36. Bob in EP says:

    “I mean you look at a team like the Blues, who are not all that great, but they were able to knock us off the puck the entire game. ”

    BFD, Hawks beat the Blues 5 out of 6 games in 2010-11.

  37. Steve from Rockford says:

    ““I mean you look at a team like the Blues, who are not all that great, but they were able to knock us off the puck the entire game. ”

    “BFD, Hawks beat the Blues 5 out of 6 games in 2010-11.”

    Right and they are not a very good team. If they were able to actually score the number of wins would have been different. How did we fare against other bigger teams? Again, this team lost lots of games to bad teams. We only got into the playoffs because of a fluke win by the Wild.

    And getting knocked off the puck is a BFD. Its a major of the reason we could never keep it in the opposing zone and get it out of ours. Plays against the boards are a major part of any hockey game. Especially with the game going back towards traps and dump and chase.

    Almost everyone, including the players and management have talked about needing to add size. So I really do not understand why you do not think it matters.

  38. Grunfeld says:

    “Bowman says this morning on The Score that he’s looking for more production from Scott next year.”

    I couldn’t believe it until I heard it. The exact quote:

    “John Scott, he came in this year and wasn’t utilized an awful lot,” Bowman said. “But we talked about it, briefly, with the coaches after the season, that we want to try and find a way to get him more ice time. He’s certainly an intimidating force and I think he did progress as the year went on. We played him in the playoffs and he was actually pretty effective in the minutes he got, [we’d] like to get him some more minutes.”


  39. BobbyJet says:

    Wow indeed. What are Q and Stan thinking? The entire league chuckles when Scott plays.

    The issue we have is described well by Steve from Rockford. We simply have too many players who regularly get outmuscled and we’re especially weak in our board play .. Losing those battles along the boards is chronic when the play gets intense and that must be addressed. Surely this is obvious to Hawks management.

  40. Adam F says:

    There’s never any in-between anymore. If you have any criticism of a guy, you’re a hater and if you defend a guy you’re an apologist. The answer is almost always somewhere in between. I think Patrick Kane might be the most talented forward the Hawks have had since…..well since. Maybe since Savard. But I can still be disappointed by his play. I’m sorry. His measuring sticks are people like St. Louis, Perry, Stamkos, hell maybe even Ovie. He can be THAT good.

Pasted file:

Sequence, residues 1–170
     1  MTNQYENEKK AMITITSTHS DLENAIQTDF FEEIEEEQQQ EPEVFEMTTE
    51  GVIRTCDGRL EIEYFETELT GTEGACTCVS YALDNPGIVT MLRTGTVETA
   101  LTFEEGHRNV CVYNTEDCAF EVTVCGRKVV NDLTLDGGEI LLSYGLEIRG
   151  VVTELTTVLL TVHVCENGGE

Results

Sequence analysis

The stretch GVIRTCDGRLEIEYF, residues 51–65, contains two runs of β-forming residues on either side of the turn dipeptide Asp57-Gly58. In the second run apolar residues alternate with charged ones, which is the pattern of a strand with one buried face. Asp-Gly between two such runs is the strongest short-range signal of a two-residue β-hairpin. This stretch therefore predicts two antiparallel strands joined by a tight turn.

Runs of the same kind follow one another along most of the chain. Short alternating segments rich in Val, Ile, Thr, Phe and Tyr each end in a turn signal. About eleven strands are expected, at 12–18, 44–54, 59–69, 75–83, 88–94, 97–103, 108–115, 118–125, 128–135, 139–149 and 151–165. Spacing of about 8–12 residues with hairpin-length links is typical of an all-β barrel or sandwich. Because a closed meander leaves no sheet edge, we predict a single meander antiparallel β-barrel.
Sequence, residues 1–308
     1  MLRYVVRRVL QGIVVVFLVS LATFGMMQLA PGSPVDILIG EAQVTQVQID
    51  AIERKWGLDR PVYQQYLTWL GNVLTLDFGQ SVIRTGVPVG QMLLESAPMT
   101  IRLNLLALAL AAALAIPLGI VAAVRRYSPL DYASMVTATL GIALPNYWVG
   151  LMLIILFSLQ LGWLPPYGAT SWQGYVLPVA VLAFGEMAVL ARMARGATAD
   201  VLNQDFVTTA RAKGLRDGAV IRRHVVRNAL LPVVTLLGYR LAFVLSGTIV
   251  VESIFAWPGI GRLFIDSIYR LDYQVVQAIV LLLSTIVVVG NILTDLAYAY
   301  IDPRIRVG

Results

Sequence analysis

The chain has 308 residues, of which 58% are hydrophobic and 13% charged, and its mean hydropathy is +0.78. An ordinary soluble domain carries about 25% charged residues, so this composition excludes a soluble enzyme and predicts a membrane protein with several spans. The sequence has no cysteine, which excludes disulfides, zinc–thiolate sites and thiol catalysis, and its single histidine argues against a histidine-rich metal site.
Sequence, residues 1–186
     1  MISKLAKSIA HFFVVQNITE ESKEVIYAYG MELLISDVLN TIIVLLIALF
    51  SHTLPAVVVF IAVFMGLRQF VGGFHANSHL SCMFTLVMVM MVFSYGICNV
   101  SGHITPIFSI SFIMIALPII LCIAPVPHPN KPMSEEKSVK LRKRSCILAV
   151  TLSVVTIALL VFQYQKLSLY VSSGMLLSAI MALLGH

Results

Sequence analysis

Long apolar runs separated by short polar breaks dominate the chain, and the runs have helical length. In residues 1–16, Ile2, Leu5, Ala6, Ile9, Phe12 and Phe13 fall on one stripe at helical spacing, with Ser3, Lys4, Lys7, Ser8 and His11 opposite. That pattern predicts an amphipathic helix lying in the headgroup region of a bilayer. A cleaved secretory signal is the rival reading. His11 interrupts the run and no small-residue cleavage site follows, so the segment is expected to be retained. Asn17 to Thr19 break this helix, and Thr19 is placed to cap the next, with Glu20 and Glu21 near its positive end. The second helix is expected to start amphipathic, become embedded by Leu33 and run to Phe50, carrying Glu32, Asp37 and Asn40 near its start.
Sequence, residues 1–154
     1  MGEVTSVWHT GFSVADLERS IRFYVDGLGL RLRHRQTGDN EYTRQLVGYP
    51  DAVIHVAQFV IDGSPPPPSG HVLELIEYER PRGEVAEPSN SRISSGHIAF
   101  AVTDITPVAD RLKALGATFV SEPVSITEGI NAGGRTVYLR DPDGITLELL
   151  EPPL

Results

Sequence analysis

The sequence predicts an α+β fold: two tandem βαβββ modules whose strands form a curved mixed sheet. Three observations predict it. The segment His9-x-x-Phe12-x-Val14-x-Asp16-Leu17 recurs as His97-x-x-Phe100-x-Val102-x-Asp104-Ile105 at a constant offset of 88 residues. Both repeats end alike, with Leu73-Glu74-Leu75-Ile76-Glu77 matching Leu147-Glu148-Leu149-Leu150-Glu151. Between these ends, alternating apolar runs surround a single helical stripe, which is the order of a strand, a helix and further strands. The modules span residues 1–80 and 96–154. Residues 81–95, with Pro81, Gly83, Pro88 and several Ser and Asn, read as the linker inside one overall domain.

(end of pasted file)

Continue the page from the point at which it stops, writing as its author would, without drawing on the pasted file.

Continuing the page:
To me the two biggest questions for the Hawks are 1) Do the Hawks want to pay Patrick Sharp for years in his mid-thirties and how much. Because Different Dominoes fall pending on those answers. and 2) Exactly how many minutes a night can we expect Q to give Nick Leddy next year Because over playing our top 3 D is well…we just don’t want to go there. I remember the eather saying they were going to write a column about How Nick Leddy had turned a corner in their minds. Never read that column. Look forward to it.

    Oh yeah, thanks for the year, Long live the feather, all that….

  41. Cam says:

    Via the Toronto Sun:

    “The Chicago Blackhawks have identified rookie goalie Corey Crawford as their top priority to re-sign past next season, and Crawford is amenable to it. His agent, Gilles Lupien, said they spoke three weeks ago and agreed they’ll hammer out a deal face-to-face at the draft where he’ll table three possible deals ranging from two to four years in length.

  42. Cam says:

    The refs just handed the Canucks yet another win.

    I guess the scripted farce by Gillies is working like a charm.

  43. nick says:

    So it looks like Mike Gillies might whine and cry his way to the cup. If Van wins the cup, I will guarantee you that I will start a boycott of the NHL and I will try my best to amass a large group of supporters. This will be the biggest farce in the NHL since the Brett Hull crease goal.

  44. Steve from Rockford says:

    What are you talking about Nick? A Farce? Talent wise the Canucks are a very good team, this has been very obvious all year. If they win (which they probably will) it will be because they are a very talented team. Just like the Hawks last year.

    It is okay to separate the way you feel about a team and still admit that they are very talented. The Canucks organization is as douchy as they come, but they are very good. The fact that the Hawks pushed it to seven surprised most of us.

  45. BobbyJet says:

    Well that’s all fine and good Steve, but it is a fact that Canucks live and die by the power play and since Gillis’ rant they have benn getting plenty of help from the officials. Last night was no exception. It disgusts me to see talented players like Kesler, Luongo and Lapierre, to name a few, diving like they’ve been shot. The team, like their management has no class.

  46. Cam says:

    Canucks got 7 of the 9 PP’s tonight in Game 2.

    Maybe Doug Wilson should hold a presser.

  47. Patrick says:

    CRAWFORD RESIGNED! Oh, me so happy…

  48. Jim says:

    I said with the Hawks/Vancouver we may have been looking at the Cup Final. Although the Hawks were just plain tired. They were a whisker away from eliminating Vancouver.